Mobile phone and health – mHealth – Part 1

In continuing my series on the social impact of the mobile phone, I would like to touch upon health. Staying healthy is important to everyone, including the government. A healthy population is a more productive population.  With the mobile phone now in the hands of more than 5Billion people, can this be used to help improve the one single element that all of us care about – health?

That said, how is this for painting with a broad brush – “Mobile technology is having a deep impact on the health of people” (in a positive way of course). Too broad of a brush stroke? Perhaps.

But it is tough to argue against the fact that the mobile phone is an excellent tool to deliver healthcare related information. This information highway is two way, in that the apps that enable healthcare related transactions can not only be used to deploy content from the source, but also can be used to enable interaction from the user as well. Very recently, I attended a seminar at work conducted by the health insurer Cigna and the topic was “How to cope with Stress and Burnout at Work”. It was a “Lunch & Learn” session and suffice it to say, I was there for the free munchies :). . I happened to sit with a colleague who showed me this cool app that allows one to measure stress levels. After entering some details, I had to press my finger against the phone camera for a period of time. Mind you, the camera should have a flash. The app could measure heart-rate and eventually read out ‘stress’ levels. I checked out good – my stress levels were low. But, my colleague was not so lucky!

It struck me that this self-diagnosing app was a useful tool. I know a vendor who uses the CalorieMeter app everyday. He uses it to control his calorie intake, eat healthy and consequently, lose weight.  These so called wellness apps are in many cases, helping people stay healthy. A survey of these apps by MobiHealthNews in 2011 reveals the following trend for such apps that were downloaded from Apple’s App Store.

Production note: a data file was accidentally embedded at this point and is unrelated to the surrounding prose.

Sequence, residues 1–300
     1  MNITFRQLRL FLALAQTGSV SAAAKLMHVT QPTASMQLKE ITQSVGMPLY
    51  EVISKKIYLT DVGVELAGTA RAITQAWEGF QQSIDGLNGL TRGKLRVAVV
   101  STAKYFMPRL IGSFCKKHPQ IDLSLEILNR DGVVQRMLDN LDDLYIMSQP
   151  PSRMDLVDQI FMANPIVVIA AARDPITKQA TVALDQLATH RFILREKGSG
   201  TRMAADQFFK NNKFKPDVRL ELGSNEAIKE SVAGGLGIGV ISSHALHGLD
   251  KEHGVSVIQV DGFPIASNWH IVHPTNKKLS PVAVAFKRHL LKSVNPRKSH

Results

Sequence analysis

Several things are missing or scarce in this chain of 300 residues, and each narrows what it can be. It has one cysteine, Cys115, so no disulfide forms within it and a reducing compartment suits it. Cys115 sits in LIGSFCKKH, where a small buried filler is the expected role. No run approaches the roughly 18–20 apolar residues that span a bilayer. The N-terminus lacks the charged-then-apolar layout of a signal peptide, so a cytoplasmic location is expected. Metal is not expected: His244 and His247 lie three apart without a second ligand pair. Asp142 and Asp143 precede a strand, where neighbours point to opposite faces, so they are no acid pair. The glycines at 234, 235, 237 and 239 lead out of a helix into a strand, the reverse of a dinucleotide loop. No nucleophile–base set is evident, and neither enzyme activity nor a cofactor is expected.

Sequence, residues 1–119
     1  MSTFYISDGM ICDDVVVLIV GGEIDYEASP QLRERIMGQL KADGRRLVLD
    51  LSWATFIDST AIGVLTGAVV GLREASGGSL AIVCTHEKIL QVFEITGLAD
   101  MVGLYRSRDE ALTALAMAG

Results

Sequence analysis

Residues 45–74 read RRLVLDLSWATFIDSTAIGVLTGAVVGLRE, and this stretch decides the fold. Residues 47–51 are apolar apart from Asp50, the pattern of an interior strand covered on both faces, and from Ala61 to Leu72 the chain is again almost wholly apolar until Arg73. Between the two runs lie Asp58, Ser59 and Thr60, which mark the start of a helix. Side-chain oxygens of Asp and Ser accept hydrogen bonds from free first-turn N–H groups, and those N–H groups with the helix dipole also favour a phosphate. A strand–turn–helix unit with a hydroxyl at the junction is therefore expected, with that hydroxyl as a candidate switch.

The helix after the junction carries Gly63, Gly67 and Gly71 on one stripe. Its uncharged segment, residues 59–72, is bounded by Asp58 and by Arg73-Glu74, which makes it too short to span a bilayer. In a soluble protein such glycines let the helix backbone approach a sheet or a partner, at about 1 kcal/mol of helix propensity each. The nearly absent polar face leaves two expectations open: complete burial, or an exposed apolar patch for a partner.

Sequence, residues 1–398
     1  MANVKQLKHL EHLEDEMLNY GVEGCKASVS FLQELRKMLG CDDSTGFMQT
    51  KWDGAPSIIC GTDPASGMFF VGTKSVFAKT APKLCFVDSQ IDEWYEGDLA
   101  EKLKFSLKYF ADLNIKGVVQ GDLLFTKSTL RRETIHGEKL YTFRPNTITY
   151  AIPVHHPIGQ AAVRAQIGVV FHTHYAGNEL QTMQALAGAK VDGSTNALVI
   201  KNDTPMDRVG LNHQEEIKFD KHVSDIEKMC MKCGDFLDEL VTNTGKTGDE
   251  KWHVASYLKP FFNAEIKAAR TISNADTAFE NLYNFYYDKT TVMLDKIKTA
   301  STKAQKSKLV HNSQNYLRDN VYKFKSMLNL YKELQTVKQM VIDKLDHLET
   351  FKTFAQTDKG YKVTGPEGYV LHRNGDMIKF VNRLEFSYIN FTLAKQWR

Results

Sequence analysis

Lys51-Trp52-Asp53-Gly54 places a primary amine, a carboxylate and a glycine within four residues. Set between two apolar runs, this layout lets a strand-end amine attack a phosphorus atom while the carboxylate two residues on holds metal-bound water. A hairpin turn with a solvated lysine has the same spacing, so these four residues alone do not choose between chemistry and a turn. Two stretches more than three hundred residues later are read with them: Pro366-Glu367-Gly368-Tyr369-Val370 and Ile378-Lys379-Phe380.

The number of health related apps has exploded. There were approximately 3000 such apps in Feb 2010 and this number had swelled by more than 4X by April 2012. And that number is still growing.

And it can be assumed that the predominant users of these apps are in the developed world. But, just these statistics are quite amazing. In the developed world, where it can be safely assumed that healthcare delivery is far more advanced compared to the developing or under-developed nations, if the usage is so high – then imagine the possibilities.

There are initiatives underway in many countries to use mobile technology to deliver adjunct healthcare services. The mobile phone is certainly no substitute to a doctor or a nurse, but can definitely serve as a tool that can be the eyes and ears of healthcare providers. There are many ways that the veritable cell phone is presently being used under the auspices of m-Health. Below (in no particular order), are some examples.

  • Wellness Apps – These are apps that allow one to monitor various aspects of their health such as calories consumed, stress levels etc
  • Remote patient tracking
  • Self management of patient health
  • Reporting of urgent health needs
  • Updating and verification of digital medical records, accessible to health care providers and pharmacists
  • Delivery of health insurance and savings products
  • Monitoring and surveillance of disease outbreaks for more timely reporting of symptoms and containment of epidemics
  • Crisis mapping after natural disasters
  • Providing real time information on available health facilities and resources
  • Access to health emergency services and rapid response systems
  • Medical advice, reminders, counseling, monitoring, simple diagnoses
  • Focusing on areas where only limited physical infrastructure is available, such as remote and rural areas, including telenursing, teleradiology, telepsychiatry, and tele-education
  • Fostering learning and knowledge exchange among health professionals
  • Medical knowledge repositories, health information wikis, expert crowdsourcing
  • Retrieving best practices, international standards, and patient histories from other health care professionals

These are just some use cases. In my next post on this topic, I plan to cover some specific examples and also discuss the some risks.

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